Why Stormzy and Lukaku’s Case of Mistaken Identity Says More About Racism Than We Want to Admit

This story will feel all too familiar for Black men in Britain.

July 12th 2017

Much to the amusement of the Internet, an Irish newspaper has mistaken Stormzy for Romelu Lukaku. The grime artist’s photo was placed alongside an article in the Evening Herald about the new Manchester United forward; cue widespread derision on Twitter.

It’s an error that has been made before, with both Stormzy and Lukaku being dark-skinned and well over six foot, and it’s a similarity that the MC has mentioned himself, even playfully at one point. In one of the videos for his hugely popular Wicked Skengman series, he refers to himself as the “grime scene’s Lukaku”. However, when he was made aware of the current confusion, he tweeted that “I don’t find none of this funny btw…”

This figures; after all, jokes are rarely fun when you’re the butt of them. It’s tempting to view the ignorance of the Evening Herald with nothing but pity and mockery, but there’s a little more going on here.

Most obviously, it’s extremely careless, not to mention disrespectful. Stormzy has had reason to be wary of the misuse of his image before – only as recently as March this year, the music magazine NME put his picture on its cover without his permission, a decision for which he quickly took the publication to task on social media. The Evening Herald, to its credit, issued a full and frank apology later that day. Alan Steenson, the paper’s editor, wrote that “to be honest, we are totally embarrassed, and want to say sorry to all involved and our readers for the error. We will keep our eye on the ball in future.”

Though there is hopefully no lasting harm done, this episode struck an unfortunate note.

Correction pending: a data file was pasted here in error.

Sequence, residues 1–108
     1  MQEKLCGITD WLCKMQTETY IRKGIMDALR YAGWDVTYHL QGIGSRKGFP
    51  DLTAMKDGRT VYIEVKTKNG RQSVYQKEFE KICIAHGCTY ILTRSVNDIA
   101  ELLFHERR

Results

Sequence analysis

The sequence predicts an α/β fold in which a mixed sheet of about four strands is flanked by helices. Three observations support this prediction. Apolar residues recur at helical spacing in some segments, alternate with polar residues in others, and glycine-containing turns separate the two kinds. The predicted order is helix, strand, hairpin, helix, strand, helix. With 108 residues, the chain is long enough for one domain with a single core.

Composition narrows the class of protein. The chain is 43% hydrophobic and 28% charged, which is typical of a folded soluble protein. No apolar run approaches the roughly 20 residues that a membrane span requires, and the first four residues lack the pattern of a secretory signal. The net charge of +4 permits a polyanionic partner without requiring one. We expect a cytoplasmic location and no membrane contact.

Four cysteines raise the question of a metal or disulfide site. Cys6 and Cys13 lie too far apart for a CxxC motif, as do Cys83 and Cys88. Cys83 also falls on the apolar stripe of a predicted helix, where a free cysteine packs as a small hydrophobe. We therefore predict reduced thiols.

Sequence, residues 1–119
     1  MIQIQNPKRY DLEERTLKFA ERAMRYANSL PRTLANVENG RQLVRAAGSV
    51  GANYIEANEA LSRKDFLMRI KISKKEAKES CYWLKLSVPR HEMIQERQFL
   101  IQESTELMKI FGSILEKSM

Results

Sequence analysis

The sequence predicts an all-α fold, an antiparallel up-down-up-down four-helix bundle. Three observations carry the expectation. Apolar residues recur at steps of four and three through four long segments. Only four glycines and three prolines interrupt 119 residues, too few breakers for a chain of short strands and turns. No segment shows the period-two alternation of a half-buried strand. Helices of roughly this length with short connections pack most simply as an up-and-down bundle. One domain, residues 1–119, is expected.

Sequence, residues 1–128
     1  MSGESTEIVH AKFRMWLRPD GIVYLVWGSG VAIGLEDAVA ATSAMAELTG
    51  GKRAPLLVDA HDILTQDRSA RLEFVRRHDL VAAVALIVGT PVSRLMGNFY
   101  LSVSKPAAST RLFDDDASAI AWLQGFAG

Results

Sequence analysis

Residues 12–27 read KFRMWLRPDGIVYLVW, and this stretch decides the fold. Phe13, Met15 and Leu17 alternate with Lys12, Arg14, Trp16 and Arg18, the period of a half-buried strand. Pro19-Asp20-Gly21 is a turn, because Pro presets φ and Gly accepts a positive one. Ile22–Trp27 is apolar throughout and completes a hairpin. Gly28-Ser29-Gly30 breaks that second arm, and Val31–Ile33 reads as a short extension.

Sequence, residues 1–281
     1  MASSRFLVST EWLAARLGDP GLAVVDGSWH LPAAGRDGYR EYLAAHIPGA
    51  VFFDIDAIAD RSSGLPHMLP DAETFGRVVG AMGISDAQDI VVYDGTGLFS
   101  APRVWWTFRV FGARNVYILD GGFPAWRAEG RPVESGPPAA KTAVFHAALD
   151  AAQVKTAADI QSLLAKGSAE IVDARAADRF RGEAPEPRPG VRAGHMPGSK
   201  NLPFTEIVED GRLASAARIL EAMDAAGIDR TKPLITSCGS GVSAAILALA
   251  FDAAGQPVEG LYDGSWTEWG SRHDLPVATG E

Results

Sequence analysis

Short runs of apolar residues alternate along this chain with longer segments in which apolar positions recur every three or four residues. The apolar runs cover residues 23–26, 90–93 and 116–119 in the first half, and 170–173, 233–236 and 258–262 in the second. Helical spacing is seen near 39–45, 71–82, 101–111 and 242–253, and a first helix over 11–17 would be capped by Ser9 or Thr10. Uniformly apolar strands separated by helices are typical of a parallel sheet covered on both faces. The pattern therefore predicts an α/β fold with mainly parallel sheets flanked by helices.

It’s reminiscent of all those times when, as a black person going through a country where there aren’t that many black people, the locals will try to make themselves laugh by noting your resemblance to others who share your vague ethnicity. This might seem harmless enough to some – a light-hearted way of breaking the ice. Beneath that ice, though, lies an element of discomfort at someone who is visibly different. When people say that “all of you look the same” – which was more than a little implicit in the newspaper’s mistake – then you sometimes wonder what other package of stereotypes they have in mind about you. Stormzy is famous now, but he will well know what various preconceptions there are about men who are young, tall, athletic, and dark-skinned.

“Most black people aren’t famous and, for them, this type of occurrence is all-too-common and uncomfortable.”

Those preconceptions are sometimes innocuous – on several occasions, I have been told of my resemblance to Don Cheadle and De La Soul’s Posdnuos (both of which are ridiculous comparisons – we’re essentially all just black men with greying hair), and I have a friend who has been offered copious amounts of drink because people thought he was Sammy Davis Junior’s cousin. Every now and then, though, they are more damaging. There are the assumptions that, just because you’re a man of visibly African heritage walking through a particular part of town, you must be selling drugs – an attitude which can lead people to step into your path as you’re strolling past, interrupt you as you’re peacefully listening to some music, and ask you where you can get weed. Or, more darkly, there are the times when the police are looking for someone who has committed a crime in the area, and they begin stop-searching every black man in sight, regardless of how little they look like the actual perpetrator. As Jeru the Damaja once rapped so concisely on “Invasion”, a track from his 1996 album “Wrath of the Math”:

“Police all on my dick like I shot somebody/’Cause of these big ass lips and I rock my locks knotty…/Under pressure, they got me under pressure/What’s your name, your address and phone number/Your occupation? Come down to the station/There’s been a robbery, they claim a nigga fit the description.”

This is why, then, black people may get somewhat frustrated or upset when they are seen as indistinguishable from one another, as interchangeable – because, typically and historically, very little good has come from such confusion. On the face of it, it’s merely a funny case of one famous person being mistaken for another. But most black people aren’t famous – a status Stormzy himself has only acquired fairly recently – and, for them, this type of occurrence is an all-too-common and uncomfortable reality.

It’s good, then, that the Evening Herald didn’t make light of their error, and contribute further to the mist of ignorance that still swirls around this issue. It’s just a shame that it fell to Stormzy to speak out, and to make the laughter feel a little more hollow in so many throats.